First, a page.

Saturday, August 10, 2019

Ann Whitford Paul: Picture Book Openings That Grab...

... With fewer than 50 words

Writing Picture Books
by Ann Whitford Paul
Ann Whitford Paul is the author of the seminal picture book craft text, Writing Picture Books: A Hands-On Guide from Story Publication to Creation. She's also written more than 20 books of her own, including If Animals Kissed Goodnight.

Her session was standing room only. A mosh pit. A festival. A mud-free Woodstock—or wordstock, depending on your tolerance for puns. We ran out of handouts: That's how eager people were to learn at the feet of Ann, who is an absolute legend as a teacher, and a master at the craft as a writer.

Picture book openings should make readers feel as if anything is possible. Readers need to smell possibility.

"Editors and agents can tell from the opening whether they want to read on."

The length of picture books is something authors need to pay close attention to, as well as the age of the reader. For very young readers, 300 words is a threshold. Older PB readers can handle 500 words.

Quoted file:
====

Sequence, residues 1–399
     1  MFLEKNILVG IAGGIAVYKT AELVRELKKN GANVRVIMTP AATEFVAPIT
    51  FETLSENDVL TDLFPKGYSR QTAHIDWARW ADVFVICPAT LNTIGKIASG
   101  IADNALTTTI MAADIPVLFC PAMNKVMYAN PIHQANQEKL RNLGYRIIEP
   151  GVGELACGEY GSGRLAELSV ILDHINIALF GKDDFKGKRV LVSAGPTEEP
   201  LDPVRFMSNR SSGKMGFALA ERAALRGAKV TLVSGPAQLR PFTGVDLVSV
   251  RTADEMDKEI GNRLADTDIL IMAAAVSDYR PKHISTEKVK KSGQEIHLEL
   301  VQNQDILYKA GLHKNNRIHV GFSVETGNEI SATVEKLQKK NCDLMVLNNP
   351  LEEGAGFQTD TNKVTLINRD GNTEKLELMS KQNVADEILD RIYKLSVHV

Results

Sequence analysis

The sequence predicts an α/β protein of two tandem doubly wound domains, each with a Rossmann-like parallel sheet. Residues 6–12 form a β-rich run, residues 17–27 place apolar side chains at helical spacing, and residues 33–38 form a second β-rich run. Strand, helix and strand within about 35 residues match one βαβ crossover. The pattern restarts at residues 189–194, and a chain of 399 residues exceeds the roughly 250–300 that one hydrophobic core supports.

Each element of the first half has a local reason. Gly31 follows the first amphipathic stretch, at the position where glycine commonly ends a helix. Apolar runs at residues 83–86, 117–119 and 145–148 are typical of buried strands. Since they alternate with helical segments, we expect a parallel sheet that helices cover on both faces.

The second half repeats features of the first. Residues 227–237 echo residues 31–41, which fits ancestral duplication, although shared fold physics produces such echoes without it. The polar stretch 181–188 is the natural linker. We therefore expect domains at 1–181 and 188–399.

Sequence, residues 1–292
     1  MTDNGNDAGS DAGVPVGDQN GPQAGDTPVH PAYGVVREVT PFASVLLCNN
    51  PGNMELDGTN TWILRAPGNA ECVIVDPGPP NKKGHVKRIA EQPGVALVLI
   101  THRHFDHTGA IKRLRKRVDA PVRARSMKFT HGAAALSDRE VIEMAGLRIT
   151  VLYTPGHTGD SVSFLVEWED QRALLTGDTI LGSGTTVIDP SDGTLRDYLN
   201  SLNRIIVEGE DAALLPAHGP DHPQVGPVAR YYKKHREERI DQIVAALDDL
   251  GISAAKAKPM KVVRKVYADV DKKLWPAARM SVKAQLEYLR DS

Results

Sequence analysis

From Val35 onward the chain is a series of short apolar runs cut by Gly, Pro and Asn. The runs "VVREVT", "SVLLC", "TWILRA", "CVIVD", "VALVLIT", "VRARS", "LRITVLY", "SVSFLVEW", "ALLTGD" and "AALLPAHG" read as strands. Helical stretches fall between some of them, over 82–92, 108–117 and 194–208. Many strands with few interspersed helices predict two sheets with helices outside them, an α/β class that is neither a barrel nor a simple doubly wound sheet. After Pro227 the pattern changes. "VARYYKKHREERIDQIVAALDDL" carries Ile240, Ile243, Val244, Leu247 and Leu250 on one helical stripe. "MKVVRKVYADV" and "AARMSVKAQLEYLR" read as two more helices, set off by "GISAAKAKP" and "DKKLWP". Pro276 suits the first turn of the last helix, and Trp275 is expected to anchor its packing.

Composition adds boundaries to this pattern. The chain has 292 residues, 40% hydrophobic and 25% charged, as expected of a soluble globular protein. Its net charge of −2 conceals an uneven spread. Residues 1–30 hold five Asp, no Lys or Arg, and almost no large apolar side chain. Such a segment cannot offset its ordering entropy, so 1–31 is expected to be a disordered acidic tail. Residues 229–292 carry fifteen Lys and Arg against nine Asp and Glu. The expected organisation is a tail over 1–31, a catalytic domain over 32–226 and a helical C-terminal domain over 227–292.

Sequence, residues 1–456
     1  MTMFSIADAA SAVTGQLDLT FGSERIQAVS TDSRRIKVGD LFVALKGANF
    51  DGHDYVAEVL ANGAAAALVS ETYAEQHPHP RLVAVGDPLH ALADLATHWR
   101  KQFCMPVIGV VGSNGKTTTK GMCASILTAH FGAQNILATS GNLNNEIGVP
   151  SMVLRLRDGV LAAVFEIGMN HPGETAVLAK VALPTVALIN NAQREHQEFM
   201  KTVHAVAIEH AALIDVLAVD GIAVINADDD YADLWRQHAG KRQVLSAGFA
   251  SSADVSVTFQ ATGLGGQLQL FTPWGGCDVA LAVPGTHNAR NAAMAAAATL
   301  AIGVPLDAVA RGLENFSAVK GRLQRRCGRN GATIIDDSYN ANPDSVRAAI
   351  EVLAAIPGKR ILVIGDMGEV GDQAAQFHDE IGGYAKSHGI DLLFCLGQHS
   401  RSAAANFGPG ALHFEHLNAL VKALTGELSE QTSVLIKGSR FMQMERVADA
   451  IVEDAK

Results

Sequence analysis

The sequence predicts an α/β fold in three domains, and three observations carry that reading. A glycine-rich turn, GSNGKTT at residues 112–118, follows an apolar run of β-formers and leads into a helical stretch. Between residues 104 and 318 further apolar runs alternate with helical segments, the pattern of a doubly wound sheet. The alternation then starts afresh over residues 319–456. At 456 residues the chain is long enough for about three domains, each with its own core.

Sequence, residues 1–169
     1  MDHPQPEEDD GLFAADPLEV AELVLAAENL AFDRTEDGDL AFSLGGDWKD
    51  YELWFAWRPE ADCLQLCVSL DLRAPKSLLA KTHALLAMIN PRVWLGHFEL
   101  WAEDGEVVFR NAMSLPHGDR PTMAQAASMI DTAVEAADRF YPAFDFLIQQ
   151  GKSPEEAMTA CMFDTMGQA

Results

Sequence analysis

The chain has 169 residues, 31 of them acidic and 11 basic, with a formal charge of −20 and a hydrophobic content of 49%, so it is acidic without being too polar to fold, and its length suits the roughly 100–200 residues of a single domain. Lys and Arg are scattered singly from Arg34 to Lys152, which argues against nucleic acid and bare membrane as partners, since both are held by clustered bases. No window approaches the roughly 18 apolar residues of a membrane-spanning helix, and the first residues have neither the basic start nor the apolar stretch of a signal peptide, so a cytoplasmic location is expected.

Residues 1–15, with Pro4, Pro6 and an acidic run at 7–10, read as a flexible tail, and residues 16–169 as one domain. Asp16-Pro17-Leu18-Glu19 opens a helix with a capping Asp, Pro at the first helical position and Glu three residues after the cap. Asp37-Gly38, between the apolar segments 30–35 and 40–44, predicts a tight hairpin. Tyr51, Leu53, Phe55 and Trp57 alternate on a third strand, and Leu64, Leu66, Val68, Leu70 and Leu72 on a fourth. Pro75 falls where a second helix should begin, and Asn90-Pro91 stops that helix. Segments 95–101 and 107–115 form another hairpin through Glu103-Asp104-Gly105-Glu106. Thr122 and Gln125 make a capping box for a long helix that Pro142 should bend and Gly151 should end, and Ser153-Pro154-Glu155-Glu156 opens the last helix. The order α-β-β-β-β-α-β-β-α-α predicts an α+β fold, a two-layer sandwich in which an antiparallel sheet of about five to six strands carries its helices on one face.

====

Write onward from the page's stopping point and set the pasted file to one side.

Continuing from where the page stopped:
Here's what the structure looks like:
Ann Whitford Paul

  • The opening of a PB is the first act of a three-act structure. 
  • The bulk of the work is the second act in the middle. 
  • You reach a climax at about two-thirds through—a terrible point where the character fears they won't solve their problem.
  • You quickly get out in the third act. 
Plunge in. Your opening shouldn't be more than 1/5th of your word count. 

Writers can do an opening in 50 words, but if the book is short, the opening needs to be even tighter. 

She talked about the many things the opening of a book has to address: 

  • Who
  • What 
  • When
  • Where
  • What tone
  • Wow
Here are a few examples she used to show us how it works in real books.

"Farmer Brown has a problem." 

This is the opening line of Click, Clack, Moo: Cows That Type by Doreen Cronin and Betsy Lewin.

In five words, Cronin gives who it's about, where it's set, and what is amiss (also what the character wants). 
"I'm so excited I run all the way home from school."
 This is the opening line of Big Red Lollipop by Rukshana Khan.

We want to see why this character is excited. 

"Will you miss me?" Abe asked. 
This is from I'll See You When the Moon Is Full by Susi Gregg Fowler. It's a powerful six words.

The opening functions just like an invitation to an event. It has specifics. It's enticing, she said: "You are inviting someone to come along this journey in your book."

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